Dalian Forest Zoo – Caged

Alright, this is technically post-happening, as I’m posting this at the start of October, but pro-dating it to reflect when I went as I realized I never gave a proper description of my trip to the Dalian Forest Zoo.

I guess I should start by saying that my opinion of zoos is divided. I recognize that sticking animals in cages so we can gawk at them is cruelity to our fellow terra-bound bretheren. I also think that zoos play an important role in teaching folks compassion towards animals, giving people a way to access these otherwise often unreachable creatures and showing people that there is value in protecting them.

That said, my expectations of a Chinese zoo were not high. I mean, in a country with limited human rights, how much animal rights could there be? By and by my expectations were exceeded and it wasn’t as cruel as I thought it would be. Was it fantastic? No. Would it pass in a Western country? Not likely. But it was alright.

90% of the zoo’s appeal is the fact that it’s set in a foresty bit of mountainous area in the south end of Dalian (hense the ‘forest’ in “Dalian Forest Zoo”). The zoo actually breaks down into two sections – one with cages and the other like a safari (African Lions Safari for my fellow Ontario peeps). I didn’t go to the second bit, so all this is just for the stuff in cages bit.

[1] Nestled in a forest-coated valley, the zoo is a break from busy Dalian. [2] Me and Vee.

We took a shared taxi there from Jinzhou and arrived at the front gate. A mere 40 kuai and we were in the park. At the entrance we were met by these glorified golf cart drivers who insisted we needed to pay 10 RMB each to take their transportation to the ‘actual’ entrance of the park – what they claimed was about 4 KM away. Clever.

So, a kilometre or two later (and 30 kuai poorer) we arrived at the entrance and went straight for the pandas. This was our primary reason for going. In fact it was Vanessa’s desire to see this rarest of bears that prompted the trip in the first place.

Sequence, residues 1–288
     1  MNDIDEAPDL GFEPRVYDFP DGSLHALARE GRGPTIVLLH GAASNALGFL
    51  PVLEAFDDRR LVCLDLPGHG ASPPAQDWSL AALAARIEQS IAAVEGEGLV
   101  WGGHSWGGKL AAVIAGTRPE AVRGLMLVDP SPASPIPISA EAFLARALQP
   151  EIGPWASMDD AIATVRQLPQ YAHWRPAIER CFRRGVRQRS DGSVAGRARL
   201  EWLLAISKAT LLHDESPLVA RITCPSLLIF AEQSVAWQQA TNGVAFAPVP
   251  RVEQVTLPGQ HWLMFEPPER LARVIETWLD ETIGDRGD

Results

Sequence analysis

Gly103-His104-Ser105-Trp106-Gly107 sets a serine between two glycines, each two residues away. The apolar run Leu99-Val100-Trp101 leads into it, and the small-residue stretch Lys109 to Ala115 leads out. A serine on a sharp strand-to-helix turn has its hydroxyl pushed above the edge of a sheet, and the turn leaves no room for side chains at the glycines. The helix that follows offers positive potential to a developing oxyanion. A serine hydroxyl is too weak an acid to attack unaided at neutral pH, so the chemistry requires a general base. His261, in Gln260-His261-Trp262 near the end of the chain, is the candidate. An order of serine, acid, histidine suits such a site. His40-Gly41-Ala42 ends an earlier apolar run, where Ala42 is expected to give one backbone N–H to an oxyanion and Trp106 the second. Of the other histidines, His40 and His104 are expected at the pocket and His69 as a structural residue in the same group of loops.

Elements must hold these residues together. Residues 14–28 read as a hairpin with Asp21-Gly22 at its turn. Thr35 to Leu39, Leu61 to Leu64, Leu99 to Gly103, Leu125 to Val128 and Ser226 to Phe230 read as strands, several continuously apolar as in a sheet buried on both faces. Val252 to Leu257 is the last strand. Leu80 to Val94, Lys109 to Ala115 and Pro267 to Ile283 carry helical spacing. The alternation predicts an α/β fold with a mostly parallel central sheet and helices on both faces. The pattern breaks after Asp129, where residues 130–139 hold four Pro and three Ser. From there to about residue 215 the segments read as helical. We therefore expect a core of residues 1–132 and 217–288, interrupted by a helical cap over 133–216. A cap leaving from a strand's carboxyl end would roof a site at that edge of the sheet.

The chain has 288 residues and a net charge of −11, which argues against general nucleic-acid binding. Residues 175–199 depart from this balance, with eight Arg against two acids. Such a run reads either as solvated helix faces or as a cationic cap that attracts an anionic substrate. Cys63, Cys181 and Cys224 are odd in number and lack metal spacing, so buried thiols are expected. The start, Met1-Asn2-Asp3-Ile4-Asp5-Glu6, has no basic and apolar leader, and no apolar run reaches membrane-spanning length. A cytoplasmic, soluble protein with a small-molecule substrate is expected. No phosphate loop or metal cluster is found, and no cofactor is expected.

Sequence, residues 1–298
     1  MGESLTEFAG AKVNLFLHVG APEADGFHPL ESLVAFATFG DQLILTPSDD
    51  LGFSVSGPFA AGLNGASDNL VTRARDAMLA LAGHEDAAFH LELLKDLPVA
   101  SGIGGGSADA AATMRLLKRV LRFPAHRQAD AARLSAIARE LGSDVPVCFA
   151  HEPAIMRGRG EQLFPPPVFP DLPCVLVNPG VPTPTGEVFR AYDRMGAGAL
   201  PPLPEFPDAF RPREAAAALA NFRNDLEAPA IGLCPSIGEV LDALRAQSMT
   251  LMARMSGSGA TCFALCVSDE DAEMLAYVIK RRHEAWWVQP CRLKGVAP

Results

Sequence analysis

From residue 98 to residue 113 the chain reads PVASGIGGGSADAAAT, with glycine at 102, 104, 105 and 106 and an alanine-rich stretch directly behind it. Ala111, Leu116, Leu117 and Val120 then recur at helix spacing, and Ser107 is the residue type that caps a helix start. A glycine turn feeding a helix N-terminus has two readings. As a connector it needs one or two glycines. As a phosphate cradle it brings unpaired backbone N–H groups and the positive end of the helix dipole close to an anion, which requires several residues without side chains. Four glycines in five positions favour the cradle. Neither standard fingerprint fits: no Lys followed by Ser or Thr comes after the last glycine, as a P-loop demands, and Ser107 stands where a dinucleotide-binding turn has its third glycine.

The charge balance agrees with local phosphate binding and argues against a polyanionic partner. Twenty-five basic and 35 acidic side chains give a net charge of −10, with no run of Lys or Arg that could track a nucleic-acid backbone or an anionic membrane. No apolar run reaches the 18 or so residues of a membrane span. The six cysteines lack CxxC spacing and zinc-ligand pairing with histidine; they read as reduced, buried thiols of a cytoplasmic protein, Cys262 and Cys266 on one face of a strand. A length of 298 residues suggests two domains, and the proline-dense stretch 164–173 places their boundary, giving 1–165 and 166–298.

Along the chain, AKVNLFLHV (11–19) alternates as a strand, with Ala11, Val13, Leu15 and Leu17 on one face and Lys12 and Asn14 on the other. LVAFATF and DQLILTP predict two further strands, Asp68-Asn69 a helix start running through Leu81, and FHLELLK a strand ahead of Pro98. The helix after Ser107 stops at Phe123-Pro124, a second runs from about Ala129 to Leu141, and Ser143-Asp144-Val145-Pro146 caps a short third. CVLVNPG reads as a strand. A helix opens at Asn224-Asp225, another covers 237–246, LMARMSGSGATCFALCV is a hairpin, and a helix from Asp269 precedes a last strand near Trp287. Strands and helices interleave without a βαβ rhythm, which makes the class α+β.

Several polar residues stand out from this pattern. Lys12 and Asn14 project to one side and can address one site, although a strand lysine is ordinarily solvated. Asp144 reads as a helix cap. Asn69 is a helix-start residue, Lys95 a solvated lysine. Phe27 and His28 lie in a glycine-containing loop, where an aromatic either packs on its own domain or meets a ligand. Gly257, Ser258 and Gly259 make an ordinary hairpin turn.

[1] Though they might gnaw off your face, it was hard not to grab these guys and squeeze them. [2] C’mon now, there’s no need for that.
Before you reach the Great Panda you pass an enclosure of Red Pandas, and these little guys won hands down as the cutest animals in the zoo. I’d seen one or two of them before at the Toronto Zoo, but here they had a big bunch of them. The regular panda was actually kinda boring compared to his lesser-cousins as he just laid there with his legs emBEAR-ASSingly parted against the glass (get it, BEAR-ASS, embarrassed, get it?).

The zoo has quite a few different types of monkeys (and a couple big chimps). The highlights were two ambitious baboons diggin’ there way to America (it’s neat putting that saying in reverse), and a chimp that would koutou (bow) for any food you might be willing to lob over the electric barrier to him.

Big enclosure with equal number of the avian world’s most famous hunters and scavengers. There seemed to be a precarious peace between the two species.

The leopard cage reminded me that there is a complete lack of Health & Safety Standards in China. Whereas at home we’d have a big sign saying “Keep Your Fingers Out Of The Cage Or Be Dismembered!” backed up with two or three fences and barriers, here you could quite literally reach in and pet the kitties if you felt so inclined. In fact Vanessa nearly wet herself while she was taking a close-up photo and the playful predator lept at the chain-link fence standing between them. This cage and the wolf cage were the worst for size, and it was no wonder the wolves decided to just hang out at the back of the enclosure, at least a little out of site (the back was only about 10′ away).

The bear area basically was split between big Brown Bears and these really slick looking Sun Bears – all of which had mastered the art of showing off for food.

Not inclined to entertain, the male/female pair of elephants didn’t do much to hold our attention, despite being held in a cage that had stadium seating around it. I assume there was a show at some point… meh. I’ve seen Thai elephants play football and reinact historic battles… what could these two do?

The tigers were equally docile, but it was nice to see a Siberian/Manchurian Tiger up close. These guys are 300 kgs of killing machine, and are reputed as the largest cats in the world. Mostly they just laid around in their plexi-glassed in enclosure.

After the tigers we returned to the panda bit to see if he had awaken. He was indeed, and now he was eating. Exciting! It’s no wonder these guys have so much trouble breeding to save their species … they’re lazy gits.

We decided to hike it back to the main entrance and thumb our noses at the golf-cart girls. The walk was pleasant, and I suggest that for all future visitors, don’t be dupped by their witchy ways. It’s much shorter of a walk than they say.

Oh, and for those that the Dalian Forest Zoo is just too much for, you can see the Jinzhou Dirty Park zoo for a kuai. Dirty monkey food is extra though.

My C10 class @ the Jinzhou Zoo: [BACK] Alba, Janice, Maggie, Vanessa, Sam and Jack. [FRONT] Jennifer, Mary and Angelina.

2 Responses

  1. Pingback: Dalian Forest Zoo » China

  2. Pingback: A trip to Haikou Zoo | Ryan McLaughlin

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